Positive news emerging this month of growth in average real wages across the UK should be tempered by a wider view of other financial issues and trends, according to the October 2019 Money Statistics, produced by The Money Charity.
According to The Office of National Statistics, nominal wages (both regular and total) increased by 3.8% in the year to August 2019. With inflation currently below 2%, this means that real pay, the purchasing power of average pay, grew by around 2.0% over the year so far. After a decade of pay restraint, this will broadly be seen as good news, although average real pay is still below its 2008 pre-crash peak levels.
Other typical measures of the economy, such as total lending, house prices, GDP, and employment, have remained relatively flat over the previous two quarters of 2019. Along with an ongoing fall in the Conference Board Leading Economic Index® (0.5% in August and 3.0% in the six months to August), indications are that the economy will remain subdued in the months ahead.
Despite the improvement in real pay, there were signs of increasing debt stress, with Citizens Advice reporting a 14.3% increase in debt advice cases in England and Wales in September 2019, compared with the same month the previous year. The most frequent debts affecting Citizens Advice clients were listed as Council Tax arrears, credit, store and charge cards, and fuel debts. This matches a trend, observed and reported on by debt advice charities, of people struggling to pay their Council Tax and utility bills.
In Scotland during 2018-19, debt enquiries were Citizens Advice Scotland’s second-largest category after benefits. In Northern Ireland, the top three debt categories dealt with by Advice NI’s Debt Action Service were mortgages, mortgage shortfall (negative equity), and credit cards.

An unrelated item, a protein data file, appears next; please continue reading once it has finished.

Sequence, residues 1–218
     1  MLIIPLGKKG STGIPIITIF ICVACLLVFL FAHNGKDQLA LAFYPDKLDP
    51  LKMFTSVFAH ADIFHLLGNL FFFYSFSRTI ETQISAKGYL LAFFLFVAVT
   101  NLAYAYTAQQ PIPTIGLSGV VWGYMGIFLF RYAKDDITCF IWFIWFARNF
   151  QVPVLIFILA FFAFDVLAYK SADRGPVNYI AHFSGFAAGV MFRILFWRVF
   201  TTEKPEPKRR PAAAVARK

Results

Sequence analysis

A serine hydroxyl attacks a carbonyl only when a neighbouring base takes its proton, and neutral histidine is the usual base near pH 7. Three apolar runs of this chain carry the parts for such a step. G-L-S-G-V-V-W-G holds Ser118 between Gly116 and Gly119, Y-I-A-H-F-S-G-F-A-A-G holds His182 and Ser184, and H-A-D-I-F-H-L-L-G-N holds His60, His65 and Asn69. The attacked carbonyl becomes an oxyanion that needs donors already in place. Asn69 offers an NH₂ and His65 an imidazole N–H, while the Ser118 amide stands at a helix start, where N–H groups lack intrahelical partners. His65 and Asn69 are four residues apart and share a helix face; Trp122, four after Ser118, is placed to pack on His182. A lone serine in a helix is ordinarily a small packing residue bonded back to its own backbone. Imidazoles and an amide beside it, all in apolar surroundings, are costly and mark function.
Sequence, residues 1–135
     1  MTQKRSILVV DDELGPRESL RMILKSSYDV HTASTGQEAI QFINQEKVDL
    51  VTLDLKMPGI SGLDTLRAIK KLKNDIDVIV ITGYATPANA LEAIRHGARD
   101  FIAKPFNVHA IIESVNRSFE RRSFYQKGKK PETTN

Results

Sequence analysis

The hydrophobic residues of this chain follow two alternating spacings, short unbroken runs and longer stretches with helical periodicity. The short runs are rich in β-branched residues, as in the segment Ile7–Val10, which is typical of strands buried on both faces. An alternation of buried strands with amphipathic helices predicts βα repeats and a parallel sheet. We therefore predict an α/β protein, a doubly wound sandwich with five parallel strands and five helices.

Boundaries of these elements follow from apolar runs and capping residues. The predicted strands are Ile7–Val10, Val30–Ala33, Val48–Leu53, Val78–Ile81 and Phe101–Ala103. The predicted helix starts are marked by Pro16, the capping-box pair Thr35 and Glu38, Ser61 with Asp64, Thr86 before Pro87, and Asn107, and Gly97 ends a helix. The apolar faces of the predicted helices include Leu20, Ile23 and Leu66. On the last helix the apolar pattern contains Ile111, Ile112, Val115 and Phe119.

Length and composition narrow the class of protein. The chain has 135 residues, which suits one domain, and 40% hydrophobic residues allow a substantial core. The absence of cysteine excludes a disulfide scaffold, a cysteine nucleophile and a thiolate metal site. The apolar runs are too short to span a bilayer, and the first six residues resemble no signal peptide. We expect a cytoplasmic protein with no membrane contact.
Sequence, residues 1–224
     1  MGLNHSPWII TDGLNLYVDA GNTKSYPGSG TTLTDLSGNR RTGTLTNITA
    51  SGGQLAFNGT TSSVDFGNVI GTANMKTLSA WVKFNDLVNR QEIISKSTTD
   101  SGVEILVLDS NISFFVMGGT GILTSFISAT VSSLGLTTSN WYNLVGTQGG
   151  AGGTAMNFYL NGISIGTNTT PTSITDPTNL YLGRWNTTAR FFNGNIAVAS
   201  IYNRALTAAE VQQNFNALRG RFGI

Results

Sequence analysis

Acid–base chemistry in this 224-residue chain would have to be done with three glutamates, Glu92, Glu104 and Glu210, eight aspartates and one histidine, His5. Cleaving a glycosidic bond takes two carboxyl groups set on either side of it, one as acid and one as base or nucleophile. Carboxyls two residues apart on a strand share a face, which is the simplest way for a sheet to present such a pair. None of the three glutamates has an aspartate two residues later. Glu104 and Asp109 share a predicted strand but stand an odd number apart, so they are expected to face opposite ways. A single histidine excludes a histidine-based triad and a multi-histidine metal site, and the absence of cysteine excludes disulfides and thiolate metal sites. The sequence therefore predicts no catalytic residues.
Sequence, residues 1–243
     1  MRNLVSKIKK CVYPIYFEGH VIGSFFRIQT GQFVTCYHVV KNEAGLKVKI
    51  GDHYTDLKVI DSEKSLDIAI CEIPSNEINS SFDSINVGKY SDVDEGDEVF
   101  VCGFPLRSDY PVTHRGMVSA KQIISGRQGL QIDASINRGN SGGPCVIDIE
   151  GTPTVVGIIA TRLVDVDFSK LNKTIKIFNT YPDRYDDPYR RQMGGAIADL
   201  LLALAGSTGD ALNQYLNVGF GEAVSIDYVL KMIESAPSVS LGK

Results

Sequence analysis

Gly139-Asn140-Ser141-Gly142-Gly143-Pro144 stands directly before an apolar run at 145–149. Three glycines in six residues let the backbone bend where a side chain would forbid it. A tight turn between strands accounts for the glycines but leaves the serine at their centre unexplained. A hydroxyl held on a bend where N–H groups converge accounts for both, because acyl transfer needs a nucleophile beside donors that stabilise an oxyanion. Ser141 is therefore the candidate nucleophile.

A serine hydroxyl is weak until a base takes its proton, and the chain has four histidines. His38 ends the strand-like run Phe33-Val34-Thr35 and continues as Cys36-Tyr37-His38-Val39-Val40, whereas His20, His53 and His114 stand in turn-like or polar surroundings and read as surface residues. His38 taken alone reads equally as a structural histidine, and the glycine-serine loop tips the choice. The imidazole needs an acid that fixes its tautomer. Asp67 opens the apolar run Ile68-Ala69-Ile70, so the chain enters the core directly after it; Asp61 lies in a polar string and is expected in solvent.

Early 2020 will see the Financial Conduct Authority’s new rules on persistent credit card debt reaching their 36-month action point, so it is expected that more calls for help from people with overloaded credit cards will be seen soon into the New Year.
Erik Porter, Acting Chief Executive of The Money Charity says:
“As so often in recent years, positive financial signs continue to have to be taken cautiously in balance with other factors. Wage growth is always to be welcomed, even if we are still on ‘catch up’ relative to levels from over a decade ago, but a flat economy and widening debt problems are significant concerns.
“A society that continues to struggle day-to-day with unsustainable indebtedness cannot be a financially healthy one, which is why our mission of making a positive difference through our financial wellbeing and financial education work remains as vital as ever.”
Other striking numbers from the October Money Statistics:
- The number of people unemployed in the UK fell by 134 per day in the year to August 2019. (P19.)
- Government debt increased by £154.7 million a day in the year to September 2019. (P18.)
- 14 properties were repossessed every day in Q2 2019 in England and Wales, or one every 1 hour and 43 minutes. (P13.)
Get the full picture and many more fascinating facts about money in the UK in our monthly Money Statistics.
Notes to Editors
- The Money Charity is the UK’s financial capability charity. We believe that being on top of your money means you are more in control of your life, your finances and your debts, reducing stress and hardship, and that being on top of your money increases your wellbeing, helps you achieve your goals and live a happier more positive life as a result. Our vision is for everyone to be on top of their money as a part of everyday life. We empower people across the UK to build the skills, knowledge, attitudes and behaviours, to make the most of their money throughout their lives. Find out more at https://themoneycharity.org.uk/
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